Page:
DETROIT – The city’s Labor Day Parade, one of the largest in the country, once again assumed its traditional role as a stop for local and national politicos as the traditional kickoff point for fall campaigning.
Vice President Joe Biden returned to Detroit after a Labor Day speech in 2012, and in 2011, President Obama paid the Motor City a visit. This year the stage was set on the grounds of the old Tiger Stadium at Michigan and Trumbull, with other speakers including retiring U.S. Sen. Carl Levin, Congressman Sander Levin, Congressman John Conyers, U.S. Senate candidate Gary Peters, and Detroit Mayor Mike Duggan.
The get-out-the-vote theme was a thread throughout the speeches – voters from organized labor sat out the 2010 ballot, allowing the election of Gov. Rick Snyder and ultra-conservatives in state government who ultimately adopted a statewide right-to-work law in Michigan.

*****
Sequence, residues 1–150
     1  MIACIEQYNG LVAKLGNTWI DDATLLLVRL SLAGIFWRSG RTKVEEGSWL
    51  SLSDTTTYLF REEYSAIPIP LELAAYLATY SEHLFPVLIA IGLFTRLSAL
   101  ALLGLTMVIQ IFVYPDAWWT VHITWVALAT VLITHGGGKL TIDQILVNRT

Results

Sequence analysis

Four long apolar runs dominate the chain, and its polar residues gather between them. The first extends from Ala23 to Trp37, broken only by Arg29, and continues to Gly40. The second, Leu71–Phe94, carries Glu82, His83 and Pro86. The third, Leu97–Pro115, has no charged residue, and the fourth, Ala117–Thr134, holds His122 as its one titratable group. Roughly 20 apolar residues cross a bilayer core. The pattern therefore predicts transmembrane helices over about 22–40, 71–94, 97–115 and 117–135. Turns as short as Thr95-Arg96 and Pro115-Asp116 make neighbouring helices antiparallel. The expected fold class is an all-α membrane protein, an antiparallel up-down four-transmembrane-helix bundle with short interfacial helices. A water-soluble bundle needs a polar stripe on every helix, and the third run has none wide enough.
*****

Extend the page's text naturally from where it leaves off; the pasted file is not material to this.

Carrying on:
“Workers of Michigan built the middle class of America, providing a decent wage with pensions and health care,” Congressman Sander Levin (D-Southfield) to the Labor Day crowd. “But now, in today’s economy, things have shifted, and the very few are doing very well. This class warfare is being led by a few misguided Republicans. If organized labor stands still on Election Day, that pattern will continue.”